IMAGE: The US Army selects 20 small businesses and their nonprofit research institution partners to receive 22 Small Business Technology Transfer, or STTR Phase I contracts. Many of the winning proposals…
Credit: US Army
RESEARCH TRIANGLE PARK, N.C. — The U.S. Army selected 20 small businesses and their nonprofit research institution partners to receive 22 Small Business Technology Transfer, or STTR Phase I contracts to develop technologies to address military challenges.
The $166,500, three-month contract awards will conduct feasibility studies to determine the scientific, technical and commercial merit of the concepts.
“We’re excited about the potential of these awardees to provide game-changing technologies addressing key issues for the Army,” said Michael Caccuitto, Army STTR portfolio director. “We have accelerated the STTR process so that successful projects will more quickly move on to developing a prototype and then transition to an acquisition effort to be put in the hands of the warfighter.”
The awardees provided proposals in seven categories important to the Army, including interference and jamming of high frequency radios, position navigation without GPS, phased-array antennas for extremely high-frequency satellite communications, millimeter waveforms for tactical networking, edge sensor processing, adaptable tactical communications (advanced Soldier radios) and standoff electronic denial (disrupting, disabling or destroying the electronics on a remote target).
When Phase I is complete, the Army anticipates funding one project in each of the seven topics for STTR Phase II. Phase II awardees receive a maximum of $1,100,000 for a period between six and eighteen months during which they conduct a major research and development effort, culminating in a well-defined deliverable prototype.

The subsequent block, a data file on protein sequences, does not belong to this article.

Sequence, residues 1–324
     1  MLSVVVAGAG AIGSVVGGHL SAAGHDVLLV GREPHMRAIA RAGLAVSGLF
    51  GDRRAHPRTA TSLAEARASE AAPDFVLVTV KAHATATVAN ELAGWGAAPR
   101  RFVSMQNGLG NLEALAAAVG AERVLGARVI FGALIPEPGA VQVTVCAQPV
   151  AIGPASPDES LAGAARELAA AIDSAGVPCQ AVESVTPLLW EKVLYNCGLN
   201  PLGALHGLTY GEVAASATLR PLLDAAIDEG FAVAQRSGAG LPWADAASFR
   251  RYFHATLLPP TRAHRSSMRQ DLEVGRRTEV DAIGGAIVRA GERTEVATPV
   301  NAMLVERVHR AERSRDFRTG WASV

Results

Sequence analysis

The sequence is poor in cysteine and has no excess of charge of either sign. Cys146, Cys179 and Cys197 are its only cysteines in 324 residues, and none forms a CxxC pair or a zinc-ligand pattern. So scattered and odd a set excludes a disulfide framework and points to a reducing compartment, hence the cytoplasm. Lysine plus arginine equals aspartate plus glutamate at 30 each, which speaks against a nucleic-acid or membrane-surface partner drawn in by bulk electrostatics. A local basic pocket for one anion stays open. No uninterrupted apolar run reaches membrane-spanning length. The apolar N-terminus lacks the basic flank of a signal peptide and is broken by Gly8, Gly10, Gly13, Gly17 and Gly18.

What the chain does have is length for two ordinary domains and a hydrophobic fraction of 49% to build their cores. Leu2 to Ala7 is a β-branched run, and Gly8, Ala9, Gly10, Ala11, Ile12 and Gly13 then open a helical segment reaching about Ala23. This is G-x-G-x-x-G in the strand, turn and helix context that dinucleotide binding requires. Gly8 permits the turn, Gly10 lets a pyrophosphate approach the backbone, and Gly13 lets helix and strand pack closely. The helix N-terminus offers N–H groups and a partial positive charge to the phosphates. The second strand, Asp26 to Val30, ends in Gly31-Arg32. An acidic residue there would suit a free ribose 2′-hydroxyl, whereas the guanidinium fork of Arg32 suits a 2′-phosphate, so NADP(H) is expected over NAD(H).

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Congress established the STTR program in 1992 to provide small businesses and research institutions with opportunities to participate in government sponsored research and development. The program requires the small business to collaborate with a non-profit research institution, typically a university or federal laboratory.
The Army evaluated and chose the 22 winning proposals from among 88 proposals. Many of those proposals were submitted as a result of the first- Army STTR Industry Day, Sept. 10, 2019 at the University of North Carolina at Chapel Hill Friday Center.
The U.S. Army Combat Capabilities Development Command’s Army Research Laboratory hosted close to 150 small businesses and research institutions and provided attendees the opportunity to learn how to participate in the Army STTR program and network for strong partnerships.
CCDC ARL scientists from the Army Research Office and active-duty Soldiers provided participants with detailed insight into the seven special topics solicited for the program.
The Army STTR program invests in all Army modernization priorities via nine participating CCDC and Army science and technology centers.
View list of awardees at https://www.armysbir.army.mil/awards/sttr_phase_I_recent. The Army selected MaXentric Technologies LLC, an advanced research, development, and consulting company in New Jersey, in three topic areas.
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